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L.A. to crack down on 'birthing tourism'

Los Angeles may take action against so-called maternity hotels, where pregnant women from other countries wait to deliver babies that will be born as U.S. citizens.

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A diaper box sits in front of a group of town homes in San Gabriel, Calif. that authorities say were illegally modified into a maternity ward. Los Angeles County is discussing a crackdown on so-called 'birthing hotels' and 'birthing tourism.'

Sarah Reingewirtz / San Gabriel Valley Tribune / AP / File

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A Los Angeles official moved on Tuesday to crack down on so-called maternity hotels he said have sprung up across parts of Southern California as pregnant women travel to the United States in a growing "birthing tourism" trend.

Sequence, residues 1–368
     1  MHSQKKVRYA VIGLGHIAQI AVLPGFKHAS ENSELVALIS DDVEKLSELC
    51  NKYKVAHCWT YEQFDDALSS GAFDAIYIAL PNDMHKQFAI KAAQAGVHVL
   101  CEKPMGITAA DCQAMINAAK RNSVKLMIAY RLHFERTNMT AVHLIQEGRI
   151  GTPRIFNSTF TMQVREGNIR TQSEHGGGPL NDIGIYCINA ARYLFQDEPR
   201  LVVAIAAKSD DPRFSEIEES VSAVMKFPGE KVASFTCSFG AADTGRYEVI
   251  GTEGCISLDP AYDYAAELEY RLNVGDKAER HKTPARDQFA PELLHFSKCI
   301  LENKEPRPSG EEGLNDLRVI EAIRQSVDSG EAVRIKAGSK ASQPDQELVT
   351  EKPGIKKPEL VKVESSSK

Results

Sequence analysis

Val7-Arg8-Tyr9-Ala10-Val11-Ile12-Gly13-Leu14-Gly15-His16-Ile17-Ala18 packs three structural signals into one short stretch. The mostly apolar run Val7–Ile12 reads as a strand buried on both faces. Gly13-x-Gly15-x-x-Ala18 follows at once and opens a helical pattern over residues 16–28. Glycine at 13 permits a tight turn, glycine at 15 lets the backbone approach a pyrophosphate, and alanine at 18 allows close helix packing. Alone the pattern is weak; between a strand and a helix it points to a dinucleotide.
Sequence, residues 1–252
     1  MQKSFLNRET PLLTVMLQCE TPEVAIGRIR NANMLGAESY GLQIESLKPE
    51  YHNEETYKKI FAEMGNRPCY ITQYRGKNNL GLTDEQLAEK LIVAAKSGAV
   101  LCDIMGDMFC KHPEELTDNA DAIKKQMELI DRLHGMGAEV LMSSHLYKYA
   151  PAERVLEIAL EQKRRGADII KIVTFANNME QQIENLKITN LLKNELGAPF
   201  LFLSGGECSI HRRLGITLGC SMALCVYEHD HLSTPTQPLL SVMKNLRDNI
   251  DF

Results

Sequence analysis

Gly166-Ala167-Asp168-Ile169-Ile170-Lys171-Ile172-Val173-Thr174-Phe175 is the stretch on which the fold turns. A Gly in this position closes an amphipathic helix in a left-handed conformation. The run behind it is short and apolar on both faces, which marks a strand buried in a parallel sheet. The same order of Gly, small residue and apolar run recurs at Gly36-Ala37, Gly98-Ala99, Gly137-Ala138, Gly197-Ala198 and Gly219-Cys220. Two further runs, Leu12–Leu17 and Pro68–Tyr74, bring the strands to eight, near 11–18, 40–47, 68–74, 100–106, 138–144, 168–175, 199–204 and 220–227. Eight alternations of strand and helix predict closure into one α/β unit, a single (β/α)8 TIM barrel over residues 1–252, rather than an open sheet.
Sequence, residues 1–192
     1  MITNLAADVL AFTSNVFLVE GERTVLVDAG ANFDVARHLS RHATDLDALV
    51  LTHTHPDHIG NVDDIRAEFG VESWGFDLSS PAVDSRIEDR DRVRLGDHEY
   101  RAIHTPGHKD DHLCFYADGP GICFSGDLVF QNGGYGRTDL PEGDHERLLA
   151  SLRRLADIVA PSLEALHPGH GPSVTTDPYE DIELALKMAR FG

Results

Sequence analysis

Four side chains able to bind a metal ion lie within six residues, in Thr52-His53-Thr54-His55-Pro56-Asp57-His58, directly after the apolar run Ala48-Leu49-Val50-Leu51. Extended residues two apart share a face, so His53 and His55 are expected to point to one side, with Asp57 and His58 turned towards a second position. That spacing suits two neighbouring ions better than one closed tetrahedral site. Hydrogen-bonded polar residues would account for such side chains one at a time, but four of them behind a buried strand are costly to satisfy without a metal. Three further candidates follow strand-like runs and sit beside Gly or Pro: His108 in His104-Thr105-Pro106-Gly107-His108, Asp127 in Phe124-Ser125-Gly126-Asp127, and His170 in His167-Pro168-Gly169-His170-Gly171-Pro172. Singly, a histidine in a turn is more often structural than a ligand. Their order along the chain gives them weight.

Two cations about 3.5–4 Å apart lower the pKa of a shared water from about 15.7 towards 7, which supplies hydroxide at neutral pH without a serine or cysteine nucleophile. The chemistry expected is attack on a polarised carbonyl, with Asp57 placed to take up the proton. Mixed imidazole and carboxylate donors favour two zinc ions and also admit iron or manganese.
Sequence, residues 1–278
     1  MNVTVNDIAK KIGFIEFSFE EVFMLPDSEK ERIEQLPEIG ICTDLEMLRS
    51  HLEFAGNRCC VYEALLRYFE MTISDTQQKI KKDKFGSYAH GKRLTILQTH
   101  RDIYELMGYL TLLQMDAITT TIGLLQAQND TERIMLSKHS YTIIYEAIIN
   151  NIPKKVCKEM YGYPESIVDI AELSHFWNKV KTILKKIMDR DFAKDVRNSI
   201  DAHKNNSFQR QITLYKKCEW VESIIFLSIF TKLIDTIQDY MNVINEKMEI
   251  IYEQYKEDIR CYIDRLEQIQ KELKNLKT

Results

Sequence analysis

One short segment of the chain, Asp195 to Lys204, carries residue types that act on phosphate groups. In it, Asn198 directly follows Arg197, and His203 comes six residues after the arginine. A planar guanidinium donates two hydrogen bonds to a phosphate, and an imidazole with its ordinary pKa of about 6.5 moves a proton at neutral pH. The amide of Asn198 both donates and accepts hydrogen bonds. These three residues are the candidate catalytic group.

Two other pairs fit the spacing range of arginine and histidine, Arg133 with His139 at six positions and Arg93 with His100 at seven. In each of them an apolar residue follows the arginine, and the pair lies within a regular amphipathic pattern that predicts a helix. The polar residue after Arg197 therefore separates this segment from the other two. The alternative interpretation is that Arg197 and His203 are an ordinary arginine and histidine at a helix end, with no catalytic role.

Los Angeles County Supervisor Don Knabe asked colleagues to approve a series of steps designed to ultimately close the hotels - typically single-family homes carved into bedrooms where visiting women pay to stay in anticipation of giving birth to a child who will be born a U.S. citizen.

"His intent here with this motion is not to regulate these maternity hotels, it's to eliminate them," Knabe's spokeswoman, Cheryl Burnett, said following a Board of Supervisors meeting.

 
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